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Mizuho Nomura, Masaru Tanaka, Maki Nunomura, Miki Izumi, Fuyuki Oryu, "Dermoscopy of Rippled Pattern Sebaceoma", Dermatology Research and Practice, vol. 2010, Article ID 140486, 3 pages, 2010. https://doi.org/10.1155/2010/140486
Dermoscopy of Rippled Pattern Sebaceoma
A 77-year-old Japanese woman presented a dome-shaped pinkish nodule on the scalp. Dermoscopy demonstrated yellowish homogeneous ovoid areas with translucent whitish veil and arborizing vessels. No association with Muir-Torre syndrome was found. Histopathology revealed a smooth-bordered neoplasm in the dermis with partial connection to the epidermis. The tumor was composed mainly of germinative cells. The tumor focally showed a typical “rippled pattern”. There were only a few vacuolated cells suggesting sebaceous differentiation. These cells were highlighted with adipophilin antibody. No nuclear atypia or mitotic figures were observed. We regarded the neoplasm as sebaceoma. Dermoscopy demonstrated clearly visualized yellowish homogeneous ovoid areas. This feature usually corresponds to dermal conglomerations of the cells with sebaceous differentiation. However, this case histopathologically showed only limited area with sebaceous differentiation. We presented a case of rippled-pattern sebaceoma and described its dermoscopic features. This was the first report referring to the dermoscopic features of sebaceoma.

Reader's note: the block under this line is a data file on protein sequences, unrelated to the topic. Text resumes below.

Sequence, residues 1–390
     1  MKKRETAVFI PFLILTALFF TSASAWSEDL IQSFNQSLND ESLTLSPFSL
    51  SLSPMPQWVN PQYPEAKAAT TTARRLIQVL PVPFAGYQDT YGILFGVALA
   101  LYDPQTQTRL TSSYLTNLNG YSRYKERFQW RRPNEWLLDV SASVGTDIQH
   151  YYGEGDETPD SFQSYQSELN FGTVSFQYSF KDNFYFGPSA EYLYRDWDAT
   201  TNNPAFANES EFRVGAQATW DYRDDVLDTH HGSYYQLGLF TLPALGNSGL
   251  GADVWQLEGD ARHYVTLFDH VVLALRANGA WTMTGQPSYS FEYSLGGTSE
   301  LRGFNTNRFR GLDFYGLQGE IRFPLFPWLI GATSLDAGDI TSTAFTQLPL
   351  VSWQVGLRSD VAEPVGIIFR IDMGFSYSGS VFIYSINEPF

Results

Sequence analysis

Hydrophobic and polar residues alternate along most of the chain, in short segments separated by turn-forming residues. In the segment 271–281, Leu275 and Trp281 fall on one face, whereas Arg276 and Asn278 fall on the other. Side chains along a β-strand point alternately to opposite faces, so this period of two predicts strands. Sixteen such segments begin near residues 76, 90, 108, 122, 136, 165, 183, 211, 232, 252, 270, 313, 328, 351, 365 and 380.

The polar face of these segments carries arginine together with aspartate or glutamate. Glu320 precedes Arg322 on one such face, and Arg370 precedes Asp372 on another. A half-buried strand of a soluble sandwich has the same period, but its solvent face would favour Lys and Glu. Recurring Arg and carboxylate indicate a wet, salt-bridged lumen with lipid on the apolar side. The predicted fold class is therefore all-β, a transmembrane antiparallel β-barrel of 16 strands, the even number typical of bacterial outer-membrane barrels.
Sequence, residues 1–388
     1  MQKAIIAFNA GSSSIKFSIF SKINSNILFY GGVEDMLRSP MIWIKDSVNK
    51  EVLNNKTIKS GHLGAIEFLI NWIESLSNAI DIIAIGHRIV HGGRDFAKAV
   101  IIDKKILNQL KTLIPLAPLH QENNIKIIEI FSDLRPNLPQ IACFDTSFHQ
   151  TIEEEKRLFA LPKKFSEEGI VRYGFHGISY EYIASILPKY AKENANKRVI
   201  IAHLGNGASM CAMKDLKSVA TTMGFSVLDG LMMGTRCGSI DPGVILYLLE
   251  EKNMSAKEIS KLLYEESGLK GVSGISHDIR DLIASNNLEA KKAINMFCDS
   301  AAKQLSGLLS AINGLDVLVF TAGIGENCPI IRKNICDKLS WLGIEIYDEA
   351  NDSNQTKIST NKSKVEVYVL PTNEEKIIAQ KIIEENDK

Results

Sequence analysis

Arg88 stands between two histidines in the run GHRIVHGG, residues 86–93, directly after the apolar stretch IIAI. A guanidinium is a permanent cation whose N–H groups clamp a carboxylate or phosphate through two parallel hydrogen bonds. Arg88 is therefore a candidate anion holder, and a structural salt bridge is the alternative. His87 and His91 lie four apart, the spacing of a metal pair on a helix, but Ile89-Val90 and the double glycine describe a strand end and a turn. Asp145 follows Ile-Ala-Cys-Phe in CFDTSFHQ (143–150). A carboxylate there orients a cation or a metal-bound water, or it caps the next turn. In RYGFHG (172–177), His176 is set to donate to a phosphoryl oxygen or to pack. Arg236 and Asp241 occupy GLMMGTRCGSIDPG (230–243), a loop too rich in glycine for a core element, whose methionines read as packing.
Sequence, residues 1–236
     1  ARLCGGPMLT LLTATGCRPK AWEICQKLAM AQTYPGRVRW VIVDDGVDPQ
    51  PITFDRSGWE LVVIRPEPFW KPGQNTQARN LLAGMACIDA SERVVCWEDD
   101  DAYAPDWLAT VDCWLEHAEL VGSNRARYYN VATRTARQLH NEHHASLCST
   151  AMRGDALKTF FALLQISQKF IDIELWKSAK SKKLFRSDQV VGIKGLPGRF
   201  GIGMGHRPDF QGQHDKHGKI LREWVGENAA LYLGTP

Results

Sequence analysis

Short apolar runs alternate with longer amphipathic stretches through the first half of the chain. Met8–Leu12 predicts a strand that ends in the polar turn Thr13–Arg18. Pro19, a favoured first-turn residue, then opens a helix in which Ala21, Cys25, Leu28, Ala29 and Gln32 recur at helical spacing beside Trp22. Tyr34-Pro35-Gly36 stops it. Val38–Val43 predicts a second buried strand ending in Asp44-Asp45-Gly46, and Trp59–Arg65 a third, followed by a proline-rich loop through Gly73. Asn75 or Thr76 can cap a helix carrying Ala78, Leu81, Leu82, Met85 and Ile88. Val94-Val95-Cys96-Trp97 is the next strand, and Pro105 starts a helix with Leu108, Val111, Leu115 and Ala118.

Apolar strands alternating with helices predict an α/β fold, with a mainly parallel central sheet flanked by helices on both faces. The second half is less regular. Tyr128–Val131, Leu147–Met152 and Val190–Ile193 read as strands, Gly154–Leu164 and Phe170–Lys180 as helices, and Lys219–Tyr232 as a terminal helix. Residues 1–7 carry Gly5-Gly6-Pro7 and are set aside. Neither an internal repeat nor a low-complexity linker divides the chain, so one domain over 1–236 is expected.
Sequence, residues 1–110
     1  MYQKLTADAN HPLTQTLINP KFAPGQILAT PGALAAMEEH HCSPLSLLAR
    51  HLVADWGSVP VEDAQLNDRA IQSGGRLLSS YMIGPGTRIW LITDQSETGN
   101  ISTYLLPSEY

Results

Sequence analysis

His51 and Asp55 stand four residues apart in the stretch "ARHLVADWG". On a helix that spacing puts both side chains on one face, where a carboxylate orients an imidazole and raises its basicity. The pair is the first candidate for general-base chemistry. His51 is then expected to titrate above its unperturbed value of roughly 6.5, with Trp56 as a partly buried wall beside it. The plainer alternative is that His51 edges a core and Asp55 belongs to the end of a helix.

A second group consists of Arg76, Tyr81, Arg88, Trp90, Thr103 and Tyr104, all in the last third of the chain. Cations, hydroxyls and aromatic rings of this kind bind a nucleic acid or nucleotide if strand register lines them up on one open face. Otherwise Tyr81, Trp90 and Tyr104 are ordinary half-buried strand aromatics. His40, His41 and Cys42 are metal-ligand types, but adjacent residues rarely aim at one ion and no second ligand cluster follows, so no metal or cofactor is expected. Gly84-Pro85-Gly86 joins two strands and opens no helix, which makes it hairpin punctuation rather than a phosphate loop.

1. Case Report
A 77-year-old Japanese woman presented with a tumor on the parietal region of the scalp, which had gradually enlarged over the previous several years. Physical examination revealed a dome-shaped faintly pinkish nodule, mm in size. The surface of the tumor was covered with yellow papules (Figure 1). Dermoscopic examination demonstrated yellowish homogeneous ovoid areas covered with translucent whitish veil and arborizing vessels at the peripheral peach-colored area of the nodule (Figure 2). The patient had no significant family or past history. No association with Muir-Torre syndrome was found. The lesion was suspected as being a sebaceous neoplasm and totally excised. Histopathological examination of the excised nodule revealed a well-circumscribed and smooth-bordered neoplasm in the entire dermis with partial connection to the epidermis (Figure 3). The tumor was multinodular, and the most part of the nodule was composed of germinative cells. In addition, the tumor focally showed a typical “rippled pattern” (Figure 4). The cells were arranged in linear rows parallel to one another, simulating Verocay bodies, which were positive for AE1/AE3 (Figure 5) but negative for S-100 protein. There were only a few vacuolated cells with foamy and bubbly cytoplasm, suggesting sebaceous differentiation especially at the superficial area of the region (Figure 6). These cells possess lipid vacuoles which were highlighted with adipophilin antibody (Figure 7). No nuclear atypia or mitotic figures were observed in the constituents of neoplastic cells. There were no features suggesting the existence of nevus sebaceus, such as sebaceous hyperplasia or ectopic apocrine glands around the tumor.